One of two biomimicry designs to place in the top four, Electerro’s prototype harvests solar energy with a more natural aesthetic
Electerro, a solar and wind generator built to resemble a birch tree, won top honors at the Invent Oregon Collegiate Challenge on Friday, taking home a $10,000 prize for a prototype that promises to deliver power without the impact of utility-scale electricity generation.
Spearheaded by Oregon Institute of Technology students Hannah Wolf, a renewable energy engineer, and Mario Segura, a mechanical engineer, Electerro’s photovoltaic leaves—designed after those of a birch or magnolia—and vertical-axis wind turbine generate power without the chemical toxicity or impact to migratory birds caused by their large-scale counterparts.
Invent Oregon, celebrating its fifth year, challenged these student entrepreneurs to develop solutions and prototypes that address the economic challenges of the Pacific Northwest. This year’s finals brought together prominent leaders Lisa Gelobter, founder and CEO of tEQuitable, and Oregon Senator Ron Wyden.
“To me, innovation is particularly important for a state like Oregon that is 3,000 miles away from so much of the power centers, at least traditional power centers, in our country,” said Senator Wyden. “One of the best ways for us to market our state is to consistently produce innovations that will take the whole country’s interest.”
Electerro’s was not the only biomimicry design to place at Invent Oregon. Claiming second, Portland State University architect Montserrat Fonseca won a $7,500 prize for Living Education Center, a building designed to resemble a caterpillar.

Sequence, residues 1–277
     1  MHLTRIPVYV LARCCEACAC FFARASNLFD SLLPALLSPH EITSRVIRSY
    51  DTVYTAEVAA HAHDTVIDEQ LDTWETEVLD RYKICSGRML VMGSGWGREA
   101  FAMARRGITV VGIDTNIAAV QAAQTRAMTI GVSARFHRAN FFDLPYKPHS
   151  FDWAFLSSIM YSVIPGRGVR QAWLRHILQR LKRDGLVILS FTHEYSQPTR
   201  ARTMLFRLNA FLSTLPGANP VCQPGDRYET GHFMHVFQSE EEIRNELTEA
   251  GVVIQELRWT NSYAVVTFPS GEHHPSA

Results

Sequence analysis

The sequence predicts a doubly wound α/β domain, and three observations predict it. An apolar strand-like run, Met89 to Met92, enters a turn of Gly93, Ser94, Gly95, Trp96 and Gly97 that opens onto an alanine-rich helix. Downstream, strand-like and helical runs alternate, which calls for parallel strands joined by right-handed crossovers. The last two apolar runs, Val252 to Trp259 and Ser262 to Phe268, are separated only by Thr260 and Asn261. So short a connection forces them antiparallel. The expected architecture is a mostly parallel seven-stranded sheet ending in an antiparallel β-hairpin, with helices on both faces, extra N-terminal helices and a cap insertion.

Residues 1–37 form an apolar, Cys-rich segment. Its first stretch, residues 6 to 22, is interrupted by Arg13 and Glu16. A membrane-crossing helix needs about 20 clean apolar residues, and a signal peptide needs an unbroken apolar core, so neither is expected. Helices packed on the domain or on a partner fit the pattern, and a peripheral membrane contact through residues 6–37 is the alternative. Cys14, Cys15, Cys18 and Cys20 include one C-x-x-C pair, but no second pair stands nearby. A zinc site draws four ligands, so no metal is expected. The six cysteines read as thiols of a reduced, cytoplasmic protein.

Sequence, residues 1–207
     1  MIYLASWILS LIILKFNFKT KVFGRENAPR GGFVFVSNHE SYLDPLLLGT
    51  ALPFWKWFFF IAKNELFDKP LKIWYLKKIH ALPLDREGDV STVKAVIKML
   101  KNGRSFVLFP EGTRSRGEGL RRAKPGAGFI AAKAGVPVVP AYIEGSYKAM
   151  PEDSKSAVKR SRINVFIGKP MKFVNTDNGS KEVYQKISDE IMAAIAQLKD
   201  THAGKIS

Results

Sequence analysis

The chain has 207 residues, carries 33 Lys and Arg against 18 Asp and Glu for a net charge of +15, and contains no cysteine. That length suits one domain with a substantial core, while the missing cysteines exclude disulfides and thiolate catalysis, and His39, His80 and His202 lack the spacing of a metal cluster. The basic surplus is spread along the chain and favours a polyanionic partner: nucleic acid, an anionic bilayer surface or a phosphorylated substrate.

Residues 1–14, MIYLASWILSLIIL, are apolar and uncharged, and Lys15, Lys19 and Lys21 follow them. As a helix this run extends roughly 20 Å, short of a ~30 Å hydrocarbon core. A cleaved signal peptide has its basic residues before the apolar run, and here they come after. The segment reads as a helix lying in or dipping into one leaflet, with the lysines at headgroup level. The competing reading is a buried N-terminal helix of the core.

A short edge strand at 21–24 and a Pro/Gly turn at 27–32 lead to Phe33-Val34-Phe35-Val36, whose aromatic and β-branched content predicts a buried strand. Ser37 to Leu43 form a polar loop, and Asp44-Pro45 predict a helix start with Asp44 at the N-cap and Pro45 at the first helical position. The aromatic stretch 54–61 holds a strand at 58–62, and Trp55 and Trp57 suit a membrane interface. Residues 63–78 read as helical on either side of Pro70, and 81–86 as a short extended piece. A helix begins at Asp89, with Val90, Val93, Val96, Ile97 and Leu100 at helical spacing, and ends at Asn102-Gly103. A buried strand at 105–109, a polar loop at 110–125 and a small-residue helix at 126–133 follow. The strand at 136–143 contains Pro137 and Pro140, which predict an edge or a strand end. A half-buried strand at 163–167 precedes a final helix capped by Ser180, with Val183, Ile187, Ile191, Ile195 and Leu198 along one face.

Placing third and fourth were Alpha Prosthetics, a George Fox University team that individualized prosthetics to bring their wearers the highest functionality, and BioMass Gas, a biomass electrical generator fueled by agricultural and forestry waste.
In addition to the winners, a prize was awarded for Best Community College to Exo Hand, a prosthetic hand to help industrial workers with a stronger grip, and Visionary Award to rePLA, a biodegradable plastic for 3D printing applications.
Splitting the vote for People’s Choice Award were the finals winners Electerro and Living Education Center. They will split an additional $1,500 prize.
These student innovators built their prototypes and pitches over the course of Invent Oregon’s three-month program in entrepreneurship. Winners were selected by an expert panel from a field of 19 teams representing higher education across Oregon.
“The last 18 months have shown us that we need to invest in the next generation of inventors and entrepreneurs,” said Juan Barraza, Director of Student Innovation. “With the prototypes they brought to Invent Oregon in 2021, our student innovators showed that they were not only up to the challenge, but that the entrepreneurial ecosystem is strong enough to lead Oregon toward a better economic future regardless of the obstacles. The future in Oregon is bright.”
Invent Oregon 2020 was brought by presenting sponsors including the Lemelson Foundation, Business Oregon, The Oregon Community Foundation, The Ford Family Foundation, Stoel Rives, Horan MediaTech, Wells Fargo and Portland State University.